November 8 2012
Saporta '74 Lecture on Tuesday
National Abortion Federation CEO speaking on "Choice in America"
At Cornell, Vicki Saporta '74 played guard on the women’s basketball team and skippered a boat on the sailing team.
At ILR, she was shaped by "marvelous" professors such as Jean McKelvey and Alice Cook.
"They were fabulous role models and trailblazers," said Saporta, who speaks at 5:30 p.m. Tuesday in 305 Ives Hall.
"Choice in America: What it Means to be Pro-Choice Today" is free and open to the Cornell community.
Now president and CEO of the National Abortion Federation, the professional association of abortion providers in North America, Saporta had a different vision of her future in the 1970s.
"I was always going to be a lawyer," she said in an interview.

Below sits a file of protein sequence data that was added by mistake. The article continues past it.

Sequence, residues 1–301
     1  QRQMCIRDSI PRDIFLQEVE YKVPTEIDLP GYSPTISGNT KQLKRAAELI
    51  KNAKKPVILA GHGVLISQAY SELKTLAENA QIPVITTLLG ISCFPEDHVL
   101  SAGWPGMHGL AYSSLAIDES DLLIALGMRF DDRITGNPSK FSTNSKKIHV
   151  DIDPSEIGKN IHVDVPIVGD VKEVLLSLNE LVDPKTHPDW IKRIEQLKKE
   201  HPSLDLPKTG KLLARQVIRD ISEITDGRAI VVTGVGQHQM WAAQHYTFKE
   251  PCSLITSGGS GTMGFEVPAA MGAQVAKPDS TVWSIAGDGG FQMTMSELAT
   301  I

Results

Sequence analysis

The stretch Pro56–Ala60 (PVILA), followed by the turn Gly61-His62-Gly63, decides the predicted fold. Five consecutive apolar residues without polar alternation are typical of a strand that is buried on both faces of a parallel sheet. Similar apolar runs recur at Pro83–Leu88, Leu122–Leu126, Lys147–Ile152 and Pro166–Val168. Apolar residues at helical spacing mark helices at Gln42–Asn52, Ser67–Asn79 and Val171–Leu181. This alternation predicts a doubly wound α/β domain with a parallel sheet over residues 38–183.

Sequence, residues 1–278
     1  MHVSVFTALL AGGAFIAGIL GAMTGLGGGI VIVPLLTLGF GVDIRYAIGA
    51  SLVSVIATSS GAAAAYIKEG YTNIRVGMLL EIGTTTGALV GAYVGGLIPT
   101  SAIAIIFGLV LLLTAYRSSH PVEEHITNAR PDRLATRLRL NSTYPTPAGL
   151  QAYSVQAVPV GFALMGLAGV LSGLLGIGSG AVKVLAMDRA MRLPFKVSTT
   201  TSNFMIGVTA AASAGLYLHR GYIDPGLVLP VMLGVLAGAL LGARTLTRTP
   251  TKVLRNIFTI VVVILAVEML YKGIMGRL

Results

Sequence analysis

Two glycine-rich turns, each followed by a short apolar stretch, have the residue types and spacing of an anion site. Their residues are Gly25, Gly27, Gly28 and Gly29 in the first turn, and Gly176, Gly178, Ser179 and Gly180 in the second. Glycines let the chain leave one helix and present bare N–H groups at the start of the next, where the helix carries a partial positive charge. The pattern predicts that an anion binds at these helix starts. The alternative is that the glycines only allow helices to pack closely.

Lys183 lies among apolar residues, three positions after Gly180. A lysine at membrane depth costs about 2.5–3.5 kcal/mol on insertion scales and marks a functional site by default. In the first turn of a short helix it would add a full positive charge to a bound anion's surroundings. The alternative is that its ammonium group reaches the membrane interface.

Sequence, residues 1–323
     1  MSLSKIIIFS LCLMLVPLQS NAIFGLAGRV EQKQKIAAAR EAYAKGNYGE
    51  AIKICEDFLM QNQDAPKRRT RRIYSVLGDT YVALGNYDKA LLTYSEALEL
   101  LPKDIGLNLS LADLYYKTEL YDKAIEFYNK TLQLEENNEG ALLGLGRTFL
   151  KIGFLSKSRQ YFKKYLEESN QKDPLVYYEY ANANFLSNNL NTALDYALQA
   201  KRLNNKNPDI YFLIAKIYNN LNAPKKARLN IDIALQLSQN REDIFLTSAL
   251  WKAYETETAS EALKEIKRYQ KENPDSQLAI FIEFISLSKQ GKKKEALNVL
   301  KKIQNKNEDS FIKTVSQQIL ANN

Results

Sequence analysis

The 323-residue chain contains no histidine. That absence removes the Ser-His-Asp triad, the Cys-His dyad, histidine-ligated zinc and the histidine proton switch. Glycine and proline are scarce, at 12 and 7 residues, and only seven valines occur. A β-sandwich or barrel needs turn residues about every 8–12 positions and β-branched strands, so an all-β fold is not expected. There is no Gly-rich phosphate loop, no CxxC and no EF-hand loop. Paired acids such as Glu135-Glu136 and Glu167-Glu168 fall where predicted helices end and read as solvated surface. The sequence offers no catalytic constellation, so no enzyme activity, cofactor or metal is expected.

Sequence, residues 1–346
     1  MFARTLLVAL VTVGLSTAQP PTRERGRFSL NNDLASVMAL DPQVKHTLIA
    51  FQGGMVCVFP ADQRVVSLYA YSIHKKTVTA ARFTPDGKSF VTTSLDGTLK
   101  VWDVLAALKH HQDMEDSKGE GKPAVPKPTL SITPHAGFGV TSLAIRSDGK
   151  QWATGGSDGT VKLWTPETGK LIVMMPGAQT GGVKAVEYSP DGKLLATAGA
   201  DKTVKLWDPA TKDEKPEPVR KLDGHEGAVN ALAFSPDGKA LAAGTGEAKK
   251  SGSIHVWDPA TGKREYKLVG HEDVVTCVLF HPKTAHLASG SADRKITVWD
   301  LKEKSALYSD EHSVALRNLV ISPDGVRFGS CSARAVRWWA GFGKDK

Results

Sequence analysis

But, a summer of working for the Teamsters and two terms at the London School of Economics changed that, "I couldn’t wait to go to work for the labor movement."
An ILR Groat Award winner, she worked for 20 years with the Teamsters -- 10 as an organizer and 10 as director of organizing, the first woman to hold such a position with an international union.
When the National Abortion Federation invited her to take its top job, the match "made perfect sense," she said. "Really, it's about working in the progressive movement and advancing social justice."
Since 1995, she has been advocating for health care providers and organizations in North America that offer abortion care.
Saporta also raises funds and oversees 60 staffers, a $25 million budget and international responsibilities.
The job is a pressure cooker.
"I thrive on it," said Saporta, who lives in Washington, D.C., and relaxes by sailing the Chesapeake Bay.
Her advice for today's students?
"It's important to find something you love to do. Then, everything else seems to fall into place."
"I think it's important to do work that makes a difference in people's lives. People should find their niche and a way to do that."